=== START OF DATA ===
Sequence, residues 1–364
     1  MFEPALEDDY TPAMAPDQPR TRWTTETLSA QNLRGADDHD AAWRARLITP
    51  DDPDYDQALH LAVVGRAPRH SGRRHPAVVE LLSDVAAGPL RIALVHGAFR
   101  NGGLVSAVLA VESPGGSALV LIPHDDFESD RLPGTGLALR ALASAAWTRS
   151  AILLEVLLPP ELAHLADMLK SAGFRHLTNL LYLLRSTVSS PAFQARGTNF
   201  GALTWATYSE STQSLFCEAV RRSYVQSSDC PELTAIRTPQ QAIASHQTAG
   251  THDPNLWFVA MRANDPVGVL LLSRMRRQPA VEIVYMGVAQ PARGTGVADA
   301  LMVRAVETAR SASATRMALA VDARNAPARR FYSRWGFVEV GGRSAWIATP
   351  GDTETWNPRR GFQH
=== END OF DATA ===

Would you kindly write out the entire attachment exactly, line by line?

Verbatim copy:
Sequence, residues 1–364
     1  MFEPALEDDY TPAMAPDQPR TRWTTETLSA QNLRGADDHD AAWRARLITP
    51  DDPDYDQALH LAVVGRAPRH SGRRHPAVVE LLSDVAAGPL RIALVHGAFR
   101  NGGLVSAVLA VESPGGSALV LIPHDDFESD RLPGTGLALR ALASAAWTRS
   151  AILLEVLLPP ELAHLADMLK SAGFRHLTNL LYLLRSTVSS PAFQARGTNF
   201  GALTWATYSE STQSLFCEAV RRSYVQSSDC PELTAIRTPQ QAIASHQTAG
   251  THDPNLWFVA MRANDPVGVL LLSRMRRQPA VEIVYMGVAQ PARGTGVADA
   301  LMVRAVETAR SASATRMALA VDARNAPARR FYSRWGFVEV GGRSAWIATP
   351  GDTETWNPRR GFQH